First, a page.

3M is one of two companies that sought to purchase 1300 Cleveland Ave. from the city to expand operations there and rigorously opposed a recent zoning change that reclassified the land for residential use.

Environmental history

Once named the Minnesota Mining and Manufacturing Company, 3M has been operating in Wausau since 1929 and employs about 150 people. The Wausau plant is the company’s oldest operating manufacturing facility in the world.

The company has been repeatedly under fire both in Wausau and in other states where they operate. Nationwide, 3M has appeared several times on the Political Economy Research Institute’s list of the top 100 polluters in the nation and has been fined 36 times since 2000 with $852,642,126 in penalties paid, according to the Good Jobs First violation tracker. Good Jobs First is a national policy research center.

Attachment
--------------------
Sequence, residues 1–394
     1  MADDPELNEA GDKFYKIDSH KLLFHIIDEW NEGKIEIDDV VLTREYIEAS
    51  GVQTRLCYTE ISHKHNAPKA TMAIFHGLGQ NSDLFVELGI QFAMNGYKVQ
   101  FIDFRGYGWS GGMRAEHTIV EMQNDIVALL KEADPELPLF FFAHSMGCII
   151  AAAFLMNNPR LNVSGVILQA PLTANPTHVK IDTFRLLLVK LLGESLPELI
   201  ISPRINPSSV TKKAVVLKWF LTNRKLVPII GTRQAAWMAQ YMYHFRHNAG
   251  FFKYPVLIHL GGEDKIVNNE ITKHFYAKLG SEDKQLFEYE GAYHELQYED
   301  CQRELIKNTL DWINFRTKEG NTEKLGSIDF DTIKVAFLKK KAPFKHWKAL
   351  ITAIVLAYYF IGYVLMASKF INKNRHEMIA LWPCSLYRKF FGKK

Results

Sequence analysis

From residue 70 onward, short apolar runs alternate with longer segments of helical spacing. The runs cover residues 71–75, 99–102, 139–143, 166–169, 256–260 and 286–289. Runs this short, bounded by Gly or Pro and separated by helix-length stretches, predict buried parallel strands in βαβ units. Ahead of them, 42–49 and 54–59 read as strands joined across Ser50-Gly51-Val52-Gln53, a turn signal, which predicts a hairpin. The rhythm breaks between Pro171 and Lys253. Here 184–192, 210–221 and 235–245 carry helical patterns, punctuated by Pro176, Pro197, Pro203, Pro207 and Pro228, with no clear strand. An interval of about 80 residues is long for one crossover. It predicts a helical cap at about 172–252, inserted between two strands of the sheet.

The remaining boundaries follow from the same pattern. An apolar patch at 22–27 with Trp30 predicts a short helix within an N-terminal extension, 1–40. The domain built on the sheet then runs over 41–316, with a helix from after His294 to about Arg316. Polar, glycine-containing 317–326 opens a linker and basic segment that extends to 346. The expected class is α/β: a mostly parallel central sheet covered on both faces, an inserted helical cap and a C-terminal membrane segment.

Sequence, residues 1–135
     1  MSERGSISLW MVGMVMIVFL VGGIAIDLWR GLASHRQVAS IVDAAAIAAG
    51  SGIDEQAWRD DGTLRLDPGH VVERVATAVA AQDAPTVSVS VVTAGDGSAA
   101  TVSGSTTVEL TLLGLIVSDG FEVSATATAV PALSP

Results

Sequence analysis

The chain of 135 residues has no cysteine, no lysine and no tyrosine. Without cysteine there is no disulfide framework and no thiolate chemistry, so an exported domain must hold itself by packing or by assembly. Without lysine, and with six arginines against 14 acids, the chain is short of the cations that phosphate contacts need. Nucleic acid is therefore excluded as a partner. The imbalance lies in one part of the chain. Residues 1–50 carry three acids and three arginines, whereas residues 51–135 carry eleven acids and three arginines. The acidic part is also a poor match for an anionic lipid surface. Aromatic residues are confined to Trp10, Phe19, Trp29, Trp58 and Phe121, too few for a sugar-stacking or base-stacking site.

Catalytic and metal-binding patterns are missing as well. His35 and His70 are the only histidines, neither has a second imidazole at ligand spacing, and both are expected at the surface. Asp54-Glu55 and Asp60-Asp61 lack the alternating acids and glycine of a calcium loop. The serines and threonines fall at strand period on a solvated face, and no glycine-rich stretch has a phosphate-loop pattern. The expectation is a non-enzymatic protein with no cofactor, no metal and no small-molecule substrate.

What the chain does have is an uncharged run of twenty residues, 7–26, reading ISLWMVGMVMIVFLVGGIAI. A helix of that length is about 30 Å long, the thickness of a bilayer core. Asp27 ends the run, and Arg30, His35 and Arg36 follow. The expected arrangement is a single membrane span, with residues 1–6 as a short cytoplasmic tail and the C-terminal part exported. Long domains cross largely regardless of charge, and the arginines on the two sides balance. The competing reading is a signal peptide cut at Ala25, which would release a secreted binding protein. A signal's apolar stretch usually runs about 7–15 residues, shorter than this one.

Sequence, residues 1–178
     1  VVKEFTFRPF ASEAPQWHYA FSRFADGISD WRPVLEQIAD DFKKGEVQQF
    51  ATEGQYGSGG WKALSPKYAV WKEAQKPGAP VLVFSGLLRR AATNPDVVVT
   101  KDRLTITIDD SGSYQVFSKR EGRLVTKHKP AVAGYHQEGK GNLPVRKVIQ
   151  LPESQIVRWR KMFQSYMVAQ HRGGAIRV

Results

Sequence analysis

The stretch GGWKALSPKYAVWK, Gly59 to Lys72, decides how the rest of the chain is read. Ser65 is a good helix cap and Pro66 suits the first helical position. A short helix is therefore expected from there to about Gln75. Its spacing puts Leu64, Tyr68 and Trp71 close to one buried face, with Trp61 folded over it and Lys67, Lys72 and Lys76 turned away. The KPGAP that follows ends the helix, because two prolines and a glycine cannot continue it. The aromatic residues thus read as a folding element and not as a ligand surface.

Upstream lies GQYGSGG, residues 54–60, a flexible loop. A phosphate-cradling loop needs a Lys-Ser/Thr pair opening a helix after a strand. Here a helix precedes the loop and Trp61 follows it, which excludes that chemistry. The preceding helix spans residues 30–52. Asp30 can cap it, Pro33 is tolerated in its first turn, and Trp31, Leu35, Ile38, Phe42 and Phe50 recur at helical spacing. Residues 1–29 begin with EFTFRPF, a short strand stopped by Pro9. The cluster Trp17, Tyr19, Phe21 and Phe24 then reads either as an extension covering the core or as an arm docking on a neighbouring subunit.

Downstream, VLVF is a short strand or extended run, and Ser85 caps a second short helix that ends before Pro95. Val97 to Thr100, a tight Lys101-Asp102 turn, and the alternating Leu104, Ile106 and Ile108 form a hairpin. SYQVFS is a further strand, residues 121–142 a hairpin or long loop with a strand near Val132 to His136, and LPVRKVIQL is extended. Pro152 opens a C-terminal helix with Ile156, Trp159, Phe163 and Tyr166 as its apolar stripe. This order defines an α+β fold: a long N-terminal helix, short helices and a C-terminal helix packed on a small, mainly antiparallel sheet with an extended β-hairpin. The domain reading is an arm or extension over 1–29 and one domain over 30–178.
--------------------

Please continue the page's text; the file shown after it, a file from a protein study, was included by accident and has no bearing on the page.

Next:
3M is ranked 103 in the nation in the most recent Toxic 100 Air Index, which ranks U.S. industrial polluters using the U.S. EPA Toxics Release Inventory. The PERI Indexes include Environmental Justice indicators to assess impacts on low-income people and minorities. The current list is based on 2018 data.

“The Toxic 100 and Greenhouse 100 inform consumers, shareholders, regulators, lawmakers, and communities which large corporations release toxic and climate-altering pollutants into our environment,” said Professor Michael Ash, co-director of PERI’s Corporate Toxics Information Project. “We assess not just how many pounds of pollutants are released, but which are the most toxic. People have a right to know about toxic hazards to which they are exposed. n making this information available, we are building on the achievements of the right-to-know movement.”

In February 2019, the company settled a contentious lawsuit in Minnesota after agreeing to give the state $850 million to resolve the largest environmental lawsuit in the state’s history. The lawsuit, which arose amid allegations of decades-long contamination of groundwater in the Minneapolis area, was settled one day before a trial was set to begin.